CoPalCam: Exploring the complexities of the Palm Oil Supply Chain in Cameroon. Participatory modelling, stakeholder engagement and capacity building through role playing games.
Eglantine Fauvelle  1, *@  , Patrice Levang  2@  , Emmanuel Ngom  3@  , Anne Dray  4@  , Ludovic Miaro  5@  , Durrel Nzene Halleson  5@  , Claude Garcia  4, 6@  
1 : CIRAD UMR System
2 : Institut de Recherche pour le Développement / Center for International Forestry Research
3 : Ministry of Agriculture and Rural Development  (MINADER)
4 : Forest Management and Development  (ForDev - ETH)  -  Website
CHN F 75.2 Universitaetstraase 16 8092 Zurich, Switzerland -  Suisse
5 : WWF Regional Office for Africa  (WWF)  -  Website
WWF Regional Office for Africa, Yaounde Hub Panda house Rue la Citronelle PO Box 6776 Yaounde Cameroon -  Cameroun
6 : CIRAD UR Forêts et Sociétés  -  Website
CIRAD : UPRForêts et Sociétés
* : Corresponding author

Experts tend to have a deep but narrow understanding of their field, and this expertise is known to increase their cognitive bias. The case is of the palm oil supply chain in Cameroon is no different. Decisions are taken at all levels of the supply chain, with far fetching, often unforeseen, sometimes unwanted consequences in terms of sustainability, efficiency and environmental impact. To overcome this challenge, we developed, as part of the OPAL (Oil Palm Adaptive Landscape) project, a role playing game, CoPalCam, with stakeholders from the oil palm belt of Cameroon. CoPalCam can be used by small growers, cooperatives, plantation companies, downstream industries, and policy makers to explore the resilience of the supply chain and the complex and non-linear ways in which their decisions interact.

In a first step, the model was calibrated and validated during playing sessions with 28 oil palm smallholders, 3 extension officers and 5 representatives of two of the five companies processing fresh fruit bunches (FFB) into crude palm oil (CPO) in 3 regions of Cameroon. These game sessions refined our collective understanding of the supply chain. The discussions generated feedback that could be integrated in the model, or act as “take-home” messages for the participants, be they academics or stakeholders.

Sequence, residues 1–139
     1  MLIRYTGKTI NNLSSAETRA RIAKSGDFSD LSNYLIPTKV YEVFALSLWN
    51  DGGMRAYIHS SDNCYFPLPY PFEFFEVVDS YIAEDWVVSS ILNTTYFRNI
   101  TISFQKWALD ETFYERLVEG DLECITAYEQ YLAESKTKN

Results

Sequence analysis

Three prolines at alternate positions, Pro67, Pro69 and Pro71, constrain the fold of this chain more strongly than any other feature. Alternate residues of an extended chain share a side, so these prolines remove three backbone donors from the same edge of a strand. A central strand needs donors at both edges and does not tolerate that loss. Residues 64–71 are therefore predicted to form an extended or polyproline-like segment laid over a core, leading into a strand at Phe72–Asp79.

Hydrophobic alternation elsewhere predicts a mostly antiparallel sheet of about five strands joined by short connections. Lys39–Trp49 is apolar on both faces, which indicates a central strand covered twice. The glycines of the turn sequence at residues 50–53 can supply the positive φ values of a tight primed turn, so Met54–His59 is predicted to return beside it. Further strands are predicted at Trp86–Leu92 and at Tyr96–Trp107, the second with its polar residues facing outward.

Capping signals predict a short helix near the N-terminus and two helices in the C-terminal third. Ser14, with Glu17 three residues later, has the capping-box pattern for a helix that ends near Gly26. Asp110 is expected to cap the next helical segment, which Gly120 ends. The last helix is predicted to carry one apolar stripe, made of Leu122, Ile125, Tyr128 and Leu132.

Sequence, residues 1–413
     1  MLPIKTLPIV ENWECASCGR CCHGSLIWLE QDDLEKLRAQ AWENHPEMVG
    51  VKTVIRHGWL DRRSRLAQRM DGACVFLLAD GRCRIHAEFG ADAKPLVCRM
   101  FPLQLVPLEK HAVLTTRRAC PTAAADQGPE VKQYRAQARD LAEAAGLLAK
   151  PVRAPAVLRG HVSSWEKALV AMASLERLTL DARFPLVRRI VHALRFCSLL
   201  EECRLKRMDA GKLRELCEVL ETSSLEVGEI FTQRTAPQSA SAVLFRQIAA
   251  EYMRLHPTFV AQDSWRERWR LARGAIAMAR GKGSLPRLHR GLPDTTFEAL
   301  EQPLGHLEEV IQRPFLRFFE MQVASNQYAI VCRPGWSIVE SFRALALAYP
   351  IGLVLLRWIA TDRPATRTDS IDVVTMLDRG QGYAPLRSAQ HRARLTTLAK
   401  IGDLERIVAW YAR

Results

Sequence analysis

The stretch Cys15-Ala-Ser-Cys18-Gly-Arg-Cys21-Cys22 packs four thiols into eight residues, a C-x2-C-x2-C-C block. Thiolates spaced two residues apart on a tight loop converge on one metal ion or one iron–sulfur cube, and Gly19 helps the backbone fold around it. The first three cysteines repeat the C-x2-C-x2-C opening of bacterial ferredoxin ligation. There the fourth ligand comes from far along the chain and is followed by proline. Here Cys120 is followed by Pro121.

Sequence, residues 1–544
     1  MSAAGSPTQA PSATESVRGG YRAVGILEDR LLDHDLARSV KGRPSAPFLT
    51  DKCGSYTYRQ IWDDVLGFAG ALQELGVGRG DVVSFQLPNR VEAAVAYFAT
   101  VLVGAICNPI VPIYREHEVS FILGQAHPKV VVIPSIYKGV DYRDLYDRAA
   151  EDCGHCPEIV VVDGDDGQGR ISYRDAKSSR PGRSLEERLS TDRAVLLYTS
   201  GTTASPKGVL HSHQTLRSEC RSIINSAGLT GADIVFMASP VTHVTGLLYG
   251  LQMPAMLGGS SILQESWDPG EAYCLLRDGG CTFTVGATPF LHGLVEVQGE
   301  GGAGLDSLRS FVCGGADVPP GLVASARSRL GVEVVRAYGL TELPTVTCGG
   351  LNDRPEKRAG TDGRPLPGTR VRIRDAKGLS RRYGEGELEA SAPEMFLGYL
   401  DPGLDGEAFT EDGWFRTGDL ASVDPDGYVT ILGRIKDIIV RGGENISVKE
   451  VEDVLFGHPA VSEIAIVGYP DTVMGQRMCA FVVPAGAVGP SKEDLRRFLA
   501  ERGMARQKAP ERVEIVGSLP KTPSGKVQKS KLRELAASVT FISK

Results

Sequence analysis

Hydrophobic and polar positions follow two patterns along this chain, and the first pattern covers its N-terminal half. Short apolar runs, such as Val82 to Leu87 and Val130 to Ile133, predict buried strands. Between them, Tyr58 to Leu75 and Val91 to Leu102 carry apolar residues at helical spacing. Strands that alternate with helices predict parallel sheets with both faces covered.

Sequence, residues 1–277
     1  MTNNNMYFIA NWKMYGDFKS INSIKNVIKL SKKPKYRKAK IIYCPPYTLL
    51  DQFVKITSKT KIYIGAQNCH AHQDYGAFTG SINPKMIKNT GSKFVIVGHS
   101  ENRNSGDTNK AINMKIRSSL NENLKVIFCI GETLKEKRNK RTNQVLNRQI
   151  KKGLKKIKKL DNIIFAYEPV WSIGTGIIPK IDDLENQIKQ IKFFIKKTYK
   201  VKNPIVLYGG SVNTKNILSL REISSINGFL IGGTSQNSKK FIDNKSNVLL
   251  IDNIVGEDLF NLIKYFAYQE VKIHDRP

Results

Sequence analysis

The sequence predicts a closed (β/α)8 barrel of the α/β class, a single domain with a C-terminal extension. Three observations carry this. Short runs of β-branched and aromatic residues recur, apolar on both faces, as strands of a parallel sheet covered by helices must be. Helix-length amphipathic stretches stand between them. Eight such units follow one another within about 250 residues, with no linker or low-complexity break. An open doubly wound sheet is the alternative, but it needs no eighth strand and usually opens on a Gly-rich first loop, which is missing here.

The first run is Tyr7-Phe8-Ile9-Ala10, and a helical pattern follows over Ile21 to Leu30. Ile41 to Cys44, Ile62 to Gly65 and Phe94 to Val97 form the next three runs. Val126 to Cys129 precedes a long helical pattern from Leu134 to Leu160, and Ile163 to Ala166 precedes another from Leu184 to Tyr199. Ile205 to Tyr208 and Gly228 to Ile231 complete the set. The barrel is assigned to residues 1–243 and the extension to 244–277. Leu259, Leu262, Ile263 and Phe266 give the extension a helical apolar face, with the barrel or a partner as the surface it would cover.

The second step was to use this game to organise a discussion with 8 members of the Cameroonian Palm Oil Supply Chain Regulation Committee. This institution involves representatives of the ministries of Finance, Trade and Agriculture, refiners and soap-industries, agro-industries and the main smallholders' association (UNEXPALM) and is an ideal platform to explore alternative solutions to the issues faced by the supply chain.

The outcome of this last session was (i) a better understanding by the Committee members of the individual strategies of producers and transformers and their impacts, (ii) a request to repeat the exercise to explore potential solutions to the problem of insufficient production in Cameroon, and (iii) the opportunity to use the game as part of the awareness creation program the Government is running in order to foster the creation of cooperatives.

It's not often that policy makers at the highest level are able to experience first hand the complexity of the systems they manage. Our model, our game, and the scenarios that we can explore with it gave them this opportunity, in an non-threatening, low stakes environment. It could shatter their “illusion of understanding” and by creating alternative forms of interaction, enabled them to discuss openly sensitive topics. It also gave them the opportunity to reflect on their own role and capacity of action: where is the real power driving change in the supply chain? Our method and the boundary objects it creates are an efficient way to build the capacity of the managers and policy makers in dealing with complexity and let them explore alternative scenarios balancing development and conservation imperatives. Their uptake by the Government is a proof of that.

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